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Would anyone in the know care to tell me how deep they drilled the rock tendons for this tower’s foundation? The excavation process was obscured to the point I am scratching my head how it works. We never got much of a look at “the pit” like we did for 432 Park.
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  #2812  
Old Posted Jan 12, 2019, 2:55 AM
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Would anyone in the know care to tell me how deep they drilled the rock tendons for this tower’s foundation? The excavation process was obscured to the point I am scratching my head how it works. We never got much of a look at “the pit” like we did for 432 Park.
That seems so long ago, I don't even remember if that was covered here. But no doubt there will be some documentary about the construction of this building as well. Maybe somebody can shed some light on that.



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  #2813  
Old Posted Jan 14, 2019, 2:24 AM
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  #2814  
Old Posted Jan 14, 2019, 6:18 PM
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  #2815  
Old Posted Jan 15, 2019, 3:13 PM
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  #2816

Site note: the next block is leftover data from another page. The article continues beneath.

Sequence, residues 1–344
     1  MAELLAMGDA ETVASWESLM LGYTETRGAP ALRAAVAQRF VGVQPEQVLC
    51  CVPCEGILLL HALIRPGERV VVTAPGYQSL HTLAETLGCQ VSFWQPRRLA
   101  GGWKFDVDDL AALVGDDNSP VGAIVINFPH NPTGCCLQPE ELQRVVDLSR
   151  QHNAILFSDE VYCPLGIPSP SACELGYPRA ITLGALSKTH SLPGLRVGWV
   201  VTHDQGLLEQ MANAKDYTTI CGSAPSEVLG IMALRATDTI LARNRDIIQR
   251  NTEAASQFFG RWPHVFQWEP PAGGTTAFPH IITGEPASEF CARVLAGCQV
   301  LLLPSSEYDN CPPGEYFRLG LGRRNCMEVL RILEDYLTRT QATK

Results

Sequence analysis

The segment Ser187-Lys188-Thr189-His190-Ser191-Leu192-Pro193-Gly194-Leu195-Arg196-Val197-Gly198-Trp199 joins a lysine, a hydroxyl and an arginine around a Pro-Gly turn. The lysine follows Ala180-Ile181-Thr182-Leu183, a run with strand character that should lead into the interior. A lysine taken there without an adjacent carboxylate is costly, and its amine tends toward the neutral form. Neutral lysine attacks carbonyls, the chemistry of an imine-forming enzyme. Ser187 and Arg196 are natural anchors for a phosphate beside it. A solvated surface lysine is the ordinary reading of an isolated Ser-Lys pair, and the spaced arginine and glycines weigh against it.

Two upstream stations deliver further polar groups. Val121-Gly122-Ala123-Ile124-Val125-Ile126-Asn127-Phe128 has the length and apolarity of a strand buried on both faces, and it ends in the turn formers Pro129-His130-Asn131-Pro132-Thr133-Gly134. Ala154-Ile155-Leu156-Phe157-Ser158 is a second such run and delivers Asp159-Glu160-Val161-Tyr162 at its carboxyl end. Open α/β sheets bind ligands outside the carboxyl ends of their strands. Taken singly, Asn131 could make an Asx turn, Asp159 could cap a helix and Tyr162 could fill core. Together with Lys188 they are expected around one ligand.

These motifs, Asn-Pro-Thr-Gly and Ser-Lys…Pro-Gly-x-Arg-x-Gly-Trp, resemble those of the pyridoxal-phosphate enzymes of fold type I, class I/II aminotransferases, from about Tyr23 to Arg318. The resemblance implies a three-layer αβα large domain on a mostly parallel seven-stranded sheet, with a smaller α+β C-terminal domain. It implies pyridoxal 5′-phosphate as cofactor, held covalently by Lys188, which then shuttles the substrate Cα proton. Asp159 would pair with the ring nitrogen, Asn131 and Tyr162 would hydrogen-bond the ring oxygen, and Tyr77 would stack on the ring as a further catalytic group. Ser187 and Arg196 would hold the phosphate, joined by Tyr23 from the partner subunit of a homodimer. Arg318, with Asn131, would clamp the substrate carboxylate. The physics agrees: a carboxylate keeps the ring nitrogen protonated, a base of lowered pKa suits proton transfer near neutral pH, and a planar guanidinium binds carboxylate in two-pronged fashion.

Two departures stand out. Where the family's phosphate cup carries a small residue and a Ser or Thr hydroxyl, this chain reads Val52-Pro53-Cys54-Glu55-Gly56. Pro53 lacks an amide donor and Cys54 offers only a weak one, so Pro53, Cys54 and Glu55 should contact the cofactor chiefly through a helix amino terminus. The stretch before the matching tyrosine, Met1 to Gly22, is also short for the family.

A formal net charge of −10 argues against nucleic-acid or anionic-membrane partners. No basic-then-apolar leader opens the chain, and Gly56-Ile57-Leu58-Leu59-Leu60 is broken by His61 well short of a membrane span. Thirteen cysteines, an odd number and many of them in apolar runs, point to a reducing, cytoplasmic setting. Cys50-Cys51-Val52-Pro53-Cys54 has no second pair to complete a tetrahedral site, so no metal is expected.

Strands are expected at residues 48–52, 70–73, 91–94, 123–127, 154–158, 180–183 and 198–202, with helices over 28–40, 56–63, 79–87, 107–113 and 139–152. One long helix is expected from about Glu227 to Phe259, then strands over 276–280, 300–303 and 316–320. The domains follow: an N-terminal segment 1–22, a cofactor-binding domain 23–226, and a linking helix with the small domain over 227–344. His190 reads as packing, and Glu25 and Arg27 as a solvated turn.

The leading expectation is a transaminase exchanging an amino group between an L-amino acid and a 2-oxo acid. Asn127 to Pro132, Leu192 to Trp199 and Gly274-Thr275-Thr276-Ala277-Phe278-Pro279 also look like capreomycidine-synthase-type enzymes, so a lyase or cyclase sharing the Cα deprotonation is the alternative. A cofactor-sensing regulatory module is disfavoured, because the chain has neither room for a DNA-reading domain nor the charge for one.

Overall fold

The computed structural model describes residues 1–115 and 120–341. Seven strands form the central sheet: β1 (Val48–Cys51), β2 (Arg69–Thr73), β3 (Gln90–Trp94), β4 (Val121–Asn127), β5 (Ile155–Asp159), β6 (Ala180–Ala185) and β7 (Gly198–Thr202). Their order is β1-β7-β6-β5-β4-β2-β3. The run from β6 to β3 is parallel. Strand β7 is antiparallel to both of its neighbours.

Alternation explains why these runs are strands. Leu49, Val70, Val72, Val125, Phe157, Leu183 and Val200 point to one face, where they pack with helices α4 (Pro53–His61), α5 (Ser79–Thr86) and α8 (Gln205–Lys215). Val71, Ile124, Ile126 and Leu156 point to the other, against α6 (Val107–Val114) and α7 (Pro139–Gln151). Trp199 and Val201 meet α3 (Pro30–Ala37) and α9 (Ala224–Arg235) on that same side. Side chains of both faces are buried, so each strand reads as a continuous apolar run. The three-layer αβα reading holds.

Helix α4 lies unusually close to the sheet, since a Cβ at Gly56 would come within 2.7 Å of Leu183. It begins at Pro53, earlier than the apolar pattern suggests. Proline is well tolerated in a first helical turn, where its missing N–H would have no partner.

Old Posted Jan 15, 2019, 11:46 PM
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Hard to believe the skyline didn't have these towers on it a few short years ago...


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  #2817  
Old Posted Jan 17, 2019, 1:12 AM
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  #2818  
Old Posted Jan 17, 2019, 4:04 AM
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88/91, 1,216 feet tall, 85% to the top
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  #2819  
Old Posted Jan 17, 2019, 10:50 AM
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so how will the crown be assembled? piece by piece or like a giant cap? this is going to be wild to watch!
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  #2820  
Old Posted Jan 17, 2019, 1:38 PM
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so how will the crown be assembled? piece by piece or like a giant cap? this is going to be wild to watch!
Piece by piece. It certainly will be wild. It should go up quick. There is even a slim chance that during the crown installation, this tower overtakes CPT in height, albeit briefly.